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https://www.readbyqxmd.com/read/28720190/clinical-herpes-zoster-in-antarctica-as-a-model-for-spaceflight
#1
David P Reyes, Alaina A Brinley, Rebecca S Blue, Stephen K Gruschkus, Andrew T Allen, Scott E Parazynski
INTRODUCTION: Antarctica is a useful analog for spaceflight, as both environments are remote, isolated, and with limited resources. While previous studies have demonstrated increased asymptomatic viral shedding in both the Antarctic and spaceflight environments, clinical manifestations of reactivated viral disease have been less frequently identified. We sought to identify the incidence of clinical herpes zoster from viral reactivation in the Antarctic winter-over population. METHODS: Medical records from the 2014 winter season were reviewed for the incidence of zoster in U...
August 1, 2017: Aerospace Medicine and Human Performance
https://www.readbyqxmd.com/read/28718052/zen-and-the-art-of-living-mindfully-the-health-enhancing-potential-of-zen-aesthetics
#2
T Lomas, N Etcoff, W Van Gordon, E Shonin
Amidst the burgeoning enthusiasm for mindfulness in the West, there is a concern that the largely secular 'de-contextualized' way in which it is being harnessed is denuding it of its potential to improve health and well-being. As such, efforts are underway to 're-contextualize' mindfulness, explicitly drawing on the wider framework of Buddhist ideas and practices in which it was initially developed. This paper aims to contribute to this, doing so by focusing on Zen Buddhism, and in particular on Zen aesthetic principles...
July 17, 2017: Journal of Religion and Health
https://www.readbyqxmd.com/read/28716290/yarsagumba-fungus-health-problems-in-the-himalayan-gold-rush
#3
Pranawa Koirala, Bidur Pandit, Pratibha Phuyal, Ken Zafren
INTRODUCTION: Seasonal migration of people in search of Yarsagumba fungus creates a population of collectors that faces hardship and health risks in austere high-altitude settings. METHODS: In 2016, our 4-person team performed a 2-day health-needs survey of people collecting Yarsagumba fungus near the village of Yak Kharka (4020 m) in the Manang District of Nepal. RESULTS: There were approximately 800 people, both male and female, from age 10 to over 60, collecting Yarsagumba fungus...
July 14, 2017: Wilderness & Environmental Medicine
https://www.readbyqxmd.com/read/28714137/austerity-new-public-management-and-missed-nursing-care-in-australia-and-new-zealand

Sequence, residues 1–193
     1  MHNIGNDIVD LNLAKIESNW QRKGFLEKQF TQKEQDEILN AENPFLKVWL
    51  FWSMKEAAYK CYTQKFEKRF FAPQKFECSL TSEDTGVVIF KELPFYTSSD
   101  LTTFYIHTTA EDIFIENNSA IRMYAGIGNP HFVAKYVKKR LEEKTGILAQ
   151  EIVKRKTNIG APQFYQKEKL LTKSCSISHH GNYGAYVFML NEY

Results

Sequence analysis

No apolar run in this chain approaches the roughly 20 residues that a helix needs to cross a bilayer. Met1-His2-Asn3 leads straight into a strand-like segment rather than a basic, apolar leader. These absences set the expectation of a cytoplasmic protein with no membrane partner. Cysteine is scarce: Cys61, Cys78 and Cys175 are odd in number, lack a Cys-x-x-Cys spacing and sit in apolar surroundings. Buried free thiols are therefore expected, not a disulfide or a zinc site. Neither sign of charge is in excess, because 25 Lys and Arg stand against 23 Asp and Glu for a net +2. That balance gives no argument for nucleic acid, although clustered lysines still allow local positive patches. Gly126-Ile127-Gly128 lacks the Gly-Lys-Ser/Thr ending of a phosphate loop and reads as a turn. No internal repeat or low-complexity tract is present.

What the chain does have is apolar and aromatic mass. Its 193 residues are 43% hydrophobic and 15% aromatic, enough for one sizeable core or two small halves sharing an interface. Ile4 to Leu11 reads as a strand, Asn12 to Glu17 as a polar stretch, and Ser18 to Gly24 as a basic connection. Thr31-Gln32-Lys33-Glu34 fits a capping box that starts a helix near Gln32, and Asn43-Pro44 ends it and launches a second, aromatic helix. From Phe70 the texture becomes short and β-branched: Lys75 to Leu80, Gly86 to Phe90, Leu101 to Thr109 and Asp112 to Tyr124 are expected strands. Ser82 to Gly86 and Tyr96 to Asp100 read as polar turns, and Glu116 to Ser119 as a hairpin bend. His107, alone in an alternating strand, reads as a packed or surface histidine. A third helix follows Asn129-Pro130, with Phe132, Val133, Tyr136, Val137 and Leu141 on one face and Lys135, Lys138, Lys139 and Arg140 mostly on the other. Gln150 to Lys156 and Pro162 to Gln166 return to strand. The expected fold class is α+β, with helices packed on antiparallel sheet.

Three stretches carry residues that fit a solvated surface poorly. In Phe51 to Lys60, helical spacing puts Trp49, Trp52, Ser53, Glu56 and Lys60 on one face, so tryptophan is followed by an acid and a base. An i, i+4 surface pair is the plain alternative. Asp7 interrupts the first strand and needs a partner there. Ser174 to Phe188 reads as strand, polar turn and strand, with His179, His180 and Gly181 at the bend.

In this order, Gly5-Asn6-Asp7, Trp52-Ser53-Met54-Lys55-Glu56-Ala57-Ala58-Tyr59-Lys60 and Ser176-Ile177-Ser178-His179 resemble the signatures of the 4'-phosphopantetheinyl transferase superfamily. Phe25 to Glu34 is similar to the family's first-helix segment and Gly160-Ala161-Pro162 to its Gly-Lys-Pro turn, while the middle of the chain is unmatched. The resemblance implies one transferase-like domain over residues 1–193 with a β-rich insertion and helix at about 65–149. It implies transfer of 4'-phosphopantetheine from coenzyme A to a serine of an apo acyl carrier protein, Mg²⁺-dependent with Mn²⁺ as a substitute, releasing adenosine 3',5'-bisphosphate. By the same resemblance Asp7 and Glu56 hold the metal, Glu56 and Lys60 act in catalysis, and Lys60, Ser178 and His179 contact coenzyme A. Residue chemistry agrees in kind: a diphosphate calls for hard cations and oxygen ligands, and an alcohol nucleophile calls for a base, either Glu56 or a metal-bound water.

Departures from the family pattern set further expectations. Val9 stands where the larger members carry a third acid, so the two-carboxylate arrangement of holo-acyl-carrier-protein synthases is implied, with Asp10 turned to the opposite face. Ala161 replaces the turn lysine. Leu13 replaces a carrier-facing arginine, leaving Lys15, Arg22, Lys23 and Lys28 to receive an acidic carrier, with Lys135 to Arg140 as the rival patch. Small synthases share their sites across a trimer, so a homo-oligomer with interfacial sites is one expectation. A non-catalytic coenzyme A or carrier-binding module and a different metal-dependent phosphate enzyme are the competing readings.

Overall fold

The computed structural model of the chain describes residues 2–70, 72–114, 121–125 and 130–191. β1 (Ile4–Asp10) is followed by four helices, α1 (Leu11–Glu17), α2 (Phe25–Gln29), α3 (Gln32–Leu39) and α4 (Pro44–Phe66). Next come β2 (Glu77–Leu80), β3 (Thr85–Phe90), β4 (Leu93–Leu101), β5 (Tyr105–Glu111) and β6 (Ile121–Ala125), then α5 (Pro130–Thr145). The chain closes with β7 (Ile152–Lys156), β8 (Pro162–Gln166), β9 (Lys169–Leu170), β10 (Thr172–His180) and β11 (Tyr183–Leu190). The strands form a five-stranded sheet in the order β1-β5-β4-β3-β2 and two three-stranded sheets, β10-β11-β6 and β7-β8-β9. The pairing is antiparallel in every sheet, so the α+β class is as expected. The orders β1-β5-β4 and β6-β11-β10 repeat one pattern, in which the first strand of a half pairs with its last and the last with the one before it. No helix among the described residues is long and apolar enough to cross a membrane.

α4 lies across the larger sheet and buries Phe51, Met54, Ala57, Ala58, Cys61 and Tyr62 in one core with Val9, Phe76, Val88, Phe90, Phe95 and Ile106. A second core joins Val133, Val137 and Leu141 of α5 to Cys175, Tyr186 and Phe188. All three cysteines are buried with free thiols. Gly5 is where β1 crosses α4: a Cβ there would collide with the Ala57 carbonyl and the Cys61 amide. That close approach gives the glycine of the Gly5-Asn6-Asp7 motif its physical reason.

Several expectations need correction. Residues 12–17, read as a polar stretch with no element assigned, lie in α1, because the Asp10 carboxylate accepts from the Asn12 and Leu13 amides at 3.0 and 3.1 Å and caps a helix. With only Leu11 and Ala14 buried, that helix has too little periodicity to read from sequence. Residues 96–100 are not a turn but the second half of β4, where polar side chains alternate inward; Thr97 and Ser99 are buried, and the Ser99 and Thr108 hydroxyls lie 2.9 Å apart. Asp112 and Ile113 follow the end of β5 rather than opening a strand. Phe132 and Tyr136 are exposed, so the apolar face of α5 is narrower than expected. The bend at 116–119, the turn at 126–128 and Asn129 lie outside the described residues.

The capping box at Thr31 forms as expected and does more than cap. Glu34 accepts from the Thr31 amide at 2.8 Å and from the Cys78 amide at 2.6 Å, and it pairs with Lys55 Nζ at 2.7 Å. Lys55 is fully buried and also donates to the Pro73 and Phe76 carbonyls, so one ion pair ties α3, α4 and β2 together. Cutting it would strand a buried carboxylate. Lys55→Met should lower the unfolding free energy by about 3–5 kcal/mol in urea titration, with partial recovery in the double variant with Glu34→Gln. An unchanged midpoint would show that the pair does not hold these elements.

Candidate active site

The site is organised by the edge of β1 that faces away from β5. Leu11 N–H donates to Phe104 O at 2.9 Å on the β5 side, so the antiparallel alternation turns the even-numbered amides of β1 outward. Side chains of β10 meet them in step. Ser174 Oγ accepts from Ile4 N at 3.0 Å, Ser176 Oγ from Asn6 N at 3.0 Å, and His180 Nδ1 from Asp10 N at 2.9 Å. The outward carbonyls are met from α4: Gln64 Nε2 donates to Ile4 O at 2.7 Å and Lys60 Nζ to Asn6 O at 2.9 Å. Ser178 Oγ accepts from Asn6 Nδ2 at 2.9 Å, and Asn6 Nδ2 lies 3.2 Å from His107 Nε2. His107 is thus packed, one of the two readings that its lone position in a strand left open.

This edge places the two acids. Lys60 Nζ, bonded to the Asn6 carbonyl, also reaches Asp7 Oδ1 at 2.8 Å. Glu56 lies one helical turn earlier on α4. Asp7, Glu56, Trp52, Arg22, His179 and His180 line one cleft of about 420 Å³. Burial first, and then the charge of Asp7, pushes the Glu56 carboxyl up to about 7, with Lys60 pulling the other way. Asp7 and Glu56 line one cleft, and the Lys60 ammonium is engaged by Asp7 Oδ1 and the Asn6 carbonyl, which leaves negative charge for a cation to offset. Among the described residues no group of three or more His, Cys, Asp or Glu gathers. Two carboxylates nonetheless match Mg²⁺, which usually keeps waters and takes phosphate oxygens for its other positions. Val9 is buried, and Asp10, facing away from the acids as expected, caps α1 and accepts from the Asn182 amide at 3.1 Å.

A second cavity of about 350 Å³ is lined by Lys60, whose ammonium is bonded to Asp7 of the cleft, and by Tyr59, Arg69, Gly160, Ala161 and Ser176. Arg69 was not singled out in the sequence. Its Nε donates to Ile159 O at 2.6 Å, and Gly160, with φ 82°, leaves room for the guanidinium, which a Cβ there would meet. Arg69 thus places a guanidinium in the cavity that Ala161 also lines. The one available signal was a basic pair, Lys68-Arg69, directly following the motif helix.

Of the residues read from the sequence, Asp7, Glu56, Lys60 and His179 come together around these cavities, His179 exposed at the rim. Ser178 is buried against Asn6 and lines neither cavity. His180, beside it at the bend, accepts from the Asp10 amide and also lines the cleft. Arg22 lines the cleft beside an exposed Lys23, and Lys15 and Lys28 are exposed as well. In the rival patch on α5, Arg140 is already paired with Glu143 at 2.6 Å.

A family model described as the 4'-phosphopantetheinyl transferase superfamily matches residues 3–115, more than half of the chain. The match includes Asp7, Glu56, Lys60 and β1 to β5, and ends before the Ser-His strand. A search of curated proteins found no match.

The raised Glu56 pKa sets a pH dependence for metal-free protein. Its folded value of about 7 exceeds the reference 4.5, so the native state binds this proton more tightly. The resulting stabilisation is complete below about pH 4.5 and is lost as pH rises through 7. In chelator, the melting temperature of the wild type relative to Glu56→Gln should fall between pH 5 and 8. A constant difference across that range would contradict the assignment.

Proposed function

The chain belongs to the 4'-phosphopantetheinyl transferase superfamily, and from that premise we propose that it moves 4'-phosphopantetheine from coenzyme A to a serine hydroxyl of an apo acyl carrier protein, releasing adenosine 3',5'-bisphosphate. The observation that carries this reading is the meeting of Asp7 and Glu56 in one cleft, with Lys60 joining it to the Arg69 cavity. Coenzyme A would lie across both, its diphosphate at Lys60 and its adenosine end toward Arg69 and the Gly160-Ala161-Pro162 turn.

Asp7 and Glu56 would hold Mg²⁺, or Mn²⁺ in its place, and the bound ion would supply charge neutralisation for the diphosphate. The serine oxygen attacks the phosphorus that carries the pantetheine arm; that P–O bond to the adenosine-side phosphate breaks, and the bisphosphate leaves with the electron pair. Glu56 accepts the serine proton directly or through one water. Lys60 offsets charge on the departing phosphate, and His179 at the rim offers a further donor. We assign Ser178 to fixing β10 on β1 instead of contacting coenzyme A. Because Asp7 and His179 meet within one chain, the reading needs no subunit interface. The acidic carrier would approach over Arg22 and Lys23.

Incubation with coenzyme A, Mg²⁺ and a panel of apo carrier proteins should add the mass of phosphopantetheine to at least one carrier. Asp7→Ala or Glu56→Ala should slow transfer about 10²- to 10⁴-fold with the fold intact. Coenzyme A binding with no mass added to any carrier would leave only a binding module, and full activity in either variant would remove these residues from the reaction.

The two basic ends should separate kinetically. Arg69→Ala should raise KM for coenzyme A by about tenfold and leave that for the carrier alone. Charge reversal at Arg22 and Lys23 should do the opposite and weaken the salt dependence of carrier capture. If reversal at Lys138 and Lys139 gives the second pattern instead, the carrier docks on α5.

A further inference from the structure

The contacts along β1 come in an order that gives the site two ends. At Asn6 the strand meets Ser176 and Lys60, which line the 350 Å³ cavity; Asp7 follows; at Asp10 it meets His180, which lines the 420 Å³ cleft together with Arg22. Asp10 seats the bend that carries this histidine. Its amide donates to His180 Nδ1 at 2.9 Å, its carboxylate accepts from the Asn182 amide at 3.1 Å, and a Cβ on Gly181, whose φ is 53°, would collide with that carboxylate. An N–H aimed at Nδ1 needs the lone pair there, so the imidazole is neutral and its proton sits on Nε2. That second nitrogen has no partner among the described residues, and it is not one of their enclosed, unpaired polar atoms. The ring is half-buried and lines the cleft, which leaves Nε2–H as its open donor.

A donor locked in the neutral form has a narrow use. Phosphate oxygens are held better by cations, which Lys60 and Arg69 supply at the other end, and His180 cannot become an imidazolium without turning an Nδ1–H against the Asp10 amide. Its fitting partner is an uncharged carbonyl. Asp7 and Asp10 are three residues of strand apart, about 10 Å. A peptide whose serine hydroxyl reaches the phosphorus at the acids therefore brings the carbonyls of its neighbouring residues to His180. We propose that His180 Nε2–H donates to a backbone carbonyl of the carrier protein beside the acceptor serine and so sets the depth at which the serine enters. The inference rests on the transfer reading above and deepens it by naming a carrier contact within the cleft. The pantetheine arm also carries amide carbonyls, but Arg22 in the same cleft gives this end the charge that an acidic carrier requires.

#4
Eileen Willis, Jenny Carryer, Clare Harvey, Maria Pearson, Julie Henderson
AIMS: To outline the way in which the culture of austerity arising from the Global Financial Crisis has been used by Australian and New Zealand governments to maintain and extend health care budget cuts, through new public management strategies leading to missed nursing care. BACKGROUND: Ten years on the cost of the Global Financial Crisis continues to be borne by tax payers and those employed by the welfare state, yet analysis shows clearly that it was caused by a failure to adequately regulate markets, particularly the banks and multinational corporations...
July 16, 2017: Journal of Advanced Nursing
https://www.readbyqxmd.com/read/28705994/wearable-brain-imaging-with-multi-modal-physiological-recording
#5
Gary E Strangman, Vladimir Ivkovic, Quan Zhang
The brain is a central component of cognitive and physical human performance. Measures including functional brain activation, cerebral perfusion, cerebral oxygenation, evoked electrical responses, and resting hemodynamic and electrical activity are all related to, or can predict health status or performance decrements. However, measuring brain physiology typically requires large, stationary machines that are not suitable for mobile or self-monitoring. Moreover, when individuals are ambulatory, systemic physiological fluctuations-e...
July 13, 2017: Journal of Applied Physiology
https://www.readbyqxmd.com/read/28704087/resilience-as-part-of-nursing-education-supporting-nurses-in-times-of-austerity
#6
Janet Scammell
Janet Scammell, Associate Professor (Nursing), Bournemouth University, discusses the challenging environment nurses are working in and the role of resilience in creating a sustainable NHS workforce.
July 13, 2017: British Journal of Nursing: BJN
https://www.readbyqxmd.com/read/28703062/new-thinking-needed-for-emergency-services
#7
Paresh Wankhade
Recent events in London and Manchester have highlighted the difficult and challenging role played by the emergency services. Their swift and professional response has drawn universal praise, but also raised concerns about reduced funding levels and job cuts against a heightened security threat. Transformational reforms are needed to improve our emergency services in a time of austerity.
July 13, 2017: Emergency Nurse: the Journal of the RCN Accident and Emergency Nursing Association
https://www.readbyqxmd.com/read/28697026/smartphone-based-mobile-thermal-imaging-technology-to-assess-limb-perfusion-and-tourniquet-effectiveness-under-normal-and-blackout-conditions
#8
Morgan R Barron, John P Kuckelman, John M McClellan, Michael J Derickson, Cody J Phillips, Shannon T Marko, Joshua P Smith, Matthew J Eckert, Matthew J Martin